YouTube shuts down comments on House hearing on white nationalism over hateful remarks

YouTube shut down the chat feature on a livestream of a House Judiciary Committee hearing on white nationalism Tuesday amid a flood of hateful comments.

The feature was disabled "due to the presence of hateful comments,” Google, YouTube's parent company, confirmed to The Hill.

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“Hate speech has no place on YouTube. We’ve invested heavily in teams and technology dedicated to removing hateful comments and videos and we take action on them when flagged by our users,” the company said in a statement.

The House Judiciary panel was meeting to discuss “hate crimes and the rise of white nationalism."

The hearing specifically dealt with the role of social media in spreading white nationalism. 

Even as YouTube was working to disable the comments, Alexandria Walden, Google's counsel for free expression and human rights, said that the platform was dedicated to removing hateful content.

“I want to state clearly that every Google product that hosts user content prohibits incitement of violence and hate speech against individuals or groups based on specified attributes,” Walden said in her opening statement. “We view both as grave social ills, so our policies go beyond what the U.S. requires.”

When comments were disabled on the House's official stream, commentators moved to other streams, like Fox Business Network's or a live reaction on Red Ice TV, which the Anti-Defamation League has described as a white supremacist platform.

Google did not immediately respond to a request for comment on why these chats were not shut down.

At one point during the hearing, Judiciary Committee Chairman Jerrold NadlerJerrold (Jerry) Lewis NadlerPelosi: Lewandowski should have been held in contempt 'right then and there' Nadler's House committee holds a faux hearing in search of a false crime Lewandowski says he's under no obligation to speak truthfully to the media MORE (D-N.Y.) entered lines from a Washington Post story about the comments being shut down into the record.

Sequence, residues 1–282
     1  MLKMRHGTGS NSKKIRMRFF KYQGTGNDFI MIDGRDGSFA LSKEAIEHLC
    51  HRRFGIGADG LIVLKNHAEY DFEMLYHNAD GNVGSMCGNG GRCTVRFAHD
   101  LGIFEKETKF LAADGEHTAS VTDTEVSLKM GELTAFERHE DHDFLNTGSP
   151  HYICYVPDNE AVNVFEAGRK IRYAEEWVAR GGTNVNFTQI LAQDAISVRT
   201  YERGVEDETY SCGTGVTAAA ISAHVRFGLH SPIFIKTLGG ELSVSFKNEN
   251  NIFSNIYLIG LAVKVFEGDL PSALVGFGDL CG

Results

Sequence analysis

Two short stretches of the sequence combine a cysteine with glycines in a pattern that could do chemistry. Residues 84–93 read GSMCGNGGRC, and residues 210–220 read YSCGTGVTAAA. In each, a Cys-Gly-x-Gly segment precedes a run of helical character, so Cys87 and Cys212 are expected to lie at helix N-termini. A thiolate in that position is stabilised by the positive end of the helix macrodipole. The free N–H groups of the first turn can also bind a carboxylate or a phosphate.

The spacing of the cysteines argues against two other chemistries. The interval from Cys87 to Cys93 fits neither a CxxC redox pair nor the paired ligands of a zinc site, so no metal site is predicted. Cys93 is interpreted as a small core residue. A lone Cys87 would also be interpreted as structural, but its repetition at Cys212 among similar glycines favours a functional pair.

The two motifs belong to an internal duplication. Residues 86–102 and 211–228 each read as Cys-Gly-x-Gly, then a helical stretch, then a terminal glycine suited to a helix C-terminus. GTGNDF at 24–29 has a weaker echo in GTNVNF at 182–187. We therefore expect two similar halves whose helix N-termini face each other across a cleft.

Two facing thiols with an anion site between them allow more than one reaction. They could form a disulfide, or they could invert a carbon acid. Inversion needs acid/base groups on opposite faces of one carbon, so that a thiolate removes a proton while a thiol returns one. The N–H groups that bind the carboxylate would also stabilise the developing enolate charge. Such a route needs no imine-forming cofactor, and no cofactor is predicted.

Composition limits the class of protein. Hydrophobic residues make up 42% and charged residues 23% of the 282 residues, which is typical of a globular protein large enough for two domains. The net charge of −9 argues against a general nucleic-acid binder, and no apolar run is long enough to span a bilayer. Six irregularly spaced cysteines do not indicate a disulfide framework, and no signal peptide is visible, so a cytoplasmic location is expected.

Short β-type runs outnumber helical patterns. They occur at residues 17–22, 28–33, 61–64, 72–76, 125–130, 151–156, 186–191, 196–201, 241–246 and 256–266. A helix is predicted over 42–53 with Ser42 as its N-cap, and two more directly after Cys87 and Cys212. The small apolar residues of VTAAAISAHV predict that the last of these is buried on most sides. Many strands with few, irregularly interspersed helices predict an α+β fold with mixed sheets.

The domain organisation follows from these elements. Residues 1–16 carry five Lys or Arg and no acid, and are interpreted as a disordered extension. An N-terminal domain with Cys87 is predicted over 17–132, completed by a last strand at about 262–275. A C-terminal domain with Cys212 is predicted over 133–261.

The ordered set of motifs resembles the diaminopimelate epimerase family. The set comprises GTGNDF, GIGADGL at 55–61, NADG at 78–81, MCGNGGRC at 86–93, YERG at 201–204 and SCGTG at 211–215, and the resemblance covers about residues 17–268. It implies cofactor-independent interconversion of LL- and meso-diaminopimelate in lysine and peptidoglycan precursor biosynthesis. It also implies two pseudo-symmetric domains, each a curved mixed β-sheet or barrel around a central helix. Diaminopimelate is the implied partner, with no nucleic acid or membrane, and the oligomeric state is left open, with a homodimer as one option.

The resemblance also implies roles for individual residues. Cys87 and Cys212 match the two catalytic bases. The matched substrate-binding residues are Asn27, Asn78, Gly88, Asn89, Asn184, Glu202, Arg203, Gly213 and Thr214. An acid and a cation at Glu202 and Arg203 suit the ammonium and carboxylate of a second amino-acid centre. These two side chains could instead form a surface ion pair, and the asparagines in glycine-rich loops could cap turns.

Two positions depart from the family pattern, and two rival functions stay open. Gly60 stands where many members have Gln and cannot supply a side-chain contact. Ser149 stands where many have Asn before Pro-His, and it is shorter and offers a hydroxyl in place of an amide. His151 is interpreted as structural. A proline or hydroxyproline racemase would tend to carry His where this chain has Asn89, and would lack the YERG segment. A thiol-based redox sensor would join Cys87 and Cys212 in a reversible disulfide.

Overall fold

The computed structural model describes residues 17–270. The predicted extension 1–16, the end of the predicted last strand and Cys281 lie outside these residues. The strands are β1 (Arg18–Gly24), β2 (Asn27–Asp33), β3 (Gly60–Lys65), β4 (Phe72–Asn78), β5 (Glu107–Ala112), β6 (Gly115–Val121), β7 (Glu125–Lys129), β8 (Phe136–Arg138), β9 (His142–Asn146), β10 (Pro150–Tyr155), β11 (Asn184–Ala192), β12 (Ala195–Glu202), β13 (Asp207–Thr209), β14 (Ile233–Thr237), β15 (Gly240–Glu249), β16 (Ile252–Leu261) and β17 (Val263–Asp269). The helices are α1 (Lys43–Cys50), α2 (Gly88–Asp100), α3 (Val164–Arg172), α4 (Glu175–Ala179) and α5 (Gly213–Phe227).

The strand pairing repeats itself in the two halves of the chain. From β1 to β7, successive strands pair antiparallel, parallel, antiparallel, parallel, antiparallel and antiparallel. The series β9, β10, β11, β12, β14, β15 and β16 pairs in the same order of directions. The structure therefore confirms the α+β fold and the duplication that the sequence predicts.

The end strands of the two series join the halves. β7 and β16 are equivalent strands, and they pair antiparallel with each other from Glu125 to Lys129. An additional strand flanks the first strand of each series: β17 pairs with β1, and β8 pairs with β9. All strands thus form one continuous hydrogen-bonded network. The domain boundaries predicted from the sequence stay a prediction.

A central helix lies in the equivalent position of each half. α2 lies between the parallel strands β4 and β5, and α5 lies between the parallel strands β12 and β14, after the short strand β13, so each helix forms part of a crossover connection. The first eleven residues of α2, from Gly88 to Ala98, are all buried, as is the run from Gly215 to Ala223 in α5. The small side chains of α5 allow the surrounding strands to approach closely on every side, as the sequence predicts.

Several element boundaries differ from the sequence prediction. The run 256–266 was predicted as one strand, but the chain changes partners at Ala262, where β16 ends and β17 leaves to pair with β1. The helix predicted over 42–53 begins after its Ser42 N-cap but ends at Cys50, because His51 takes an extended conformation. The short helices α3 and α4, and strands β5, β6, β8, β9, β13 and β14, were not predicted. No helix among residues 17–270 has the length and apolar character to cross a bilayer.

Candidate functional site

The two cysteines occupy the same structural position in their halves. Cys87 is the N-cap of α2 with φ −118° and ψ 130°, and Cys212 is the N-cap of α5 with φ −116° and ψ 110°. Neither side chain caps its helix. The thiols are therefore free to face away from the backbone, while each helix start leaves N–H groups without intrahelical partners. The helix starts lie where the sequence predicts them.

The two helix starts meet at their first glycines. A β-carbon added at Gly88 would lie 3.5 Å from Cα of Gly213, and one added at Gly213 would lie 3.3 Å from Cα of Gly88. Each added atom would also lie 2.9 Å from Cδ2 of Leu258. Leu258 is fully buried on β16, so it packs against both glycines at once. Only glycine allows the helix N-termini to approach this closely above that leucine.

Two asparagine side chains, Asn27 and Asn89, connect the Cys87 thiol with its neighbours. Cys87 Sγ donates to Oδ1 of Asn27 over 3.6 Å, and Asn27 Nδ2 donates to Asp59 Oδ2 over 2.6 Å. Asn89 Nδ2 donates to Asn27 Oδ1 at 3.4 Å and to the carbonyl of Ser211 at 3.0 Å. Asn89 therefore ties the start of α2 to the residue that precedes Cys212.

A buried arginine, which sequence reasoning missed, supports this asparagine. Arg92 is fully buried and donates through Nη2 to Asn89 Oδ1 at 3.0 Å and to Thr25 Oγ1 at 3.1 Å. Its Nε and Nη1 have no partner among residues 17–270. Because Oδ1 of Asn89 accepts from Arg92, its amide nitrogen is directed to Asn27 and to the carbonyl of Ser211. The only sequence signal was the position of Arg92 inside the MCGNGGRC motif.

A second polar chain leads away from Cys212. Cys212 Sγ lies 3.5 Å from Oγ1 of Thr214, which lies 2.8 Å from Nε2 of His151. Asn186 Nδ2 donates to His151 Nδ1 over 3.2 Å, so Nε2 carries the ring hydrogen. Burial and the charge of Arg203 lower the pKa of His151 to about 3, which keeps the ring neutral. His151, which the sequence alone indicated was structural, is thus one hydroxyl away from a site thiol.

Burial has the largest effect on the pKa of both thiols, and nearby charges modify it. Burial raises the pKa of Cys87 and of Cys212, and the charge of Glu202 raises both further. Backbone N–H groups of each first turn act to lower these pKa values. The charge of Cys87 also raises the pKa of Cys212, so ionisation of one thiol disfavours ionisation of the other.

He read a passage from the piece which included a comment left by a user named Celtic Pride which said "these jews want to destroy all white nations," referring to Nadler, who is Jewish.

After Nadler read the passage, Rep. Louie GohmertLouis (Louie) Buller GohmertLouie Gohmert's exchange with Robert Mueller revealed an uneasy relationship Conservatives call on Pelosi to cancel August recess Mueller will be remembered for his weak testimony, not his shocking report MORE (R-Texas) suggested that the comments could be "another hate hoax ... just keep an open mind."

On the livestreams, commentators also mocked the testimony of Mohammad Abu-Salha, a father who lost two daughters in an anti-Muslim hate crime in Chapel Hill, N.C., according to Vox

Google and other social media giants such as Facebook have taken steps in recent months to stop the spread of white nationalist and otherwise racist content on their platforms, but pressure continues to rise on them to do more.

The United Kingdom unveiled a plan on Monday to provide oversight of social media's content, including a threat to block platforms when they fail to take down harmful content.

The U.K. released the plan shortly after Australia passed sweeping legislation to fine and even jail the executives of social media companies if they do not remove "abhorrent violent material."

Emily Birnbaum contributed to this report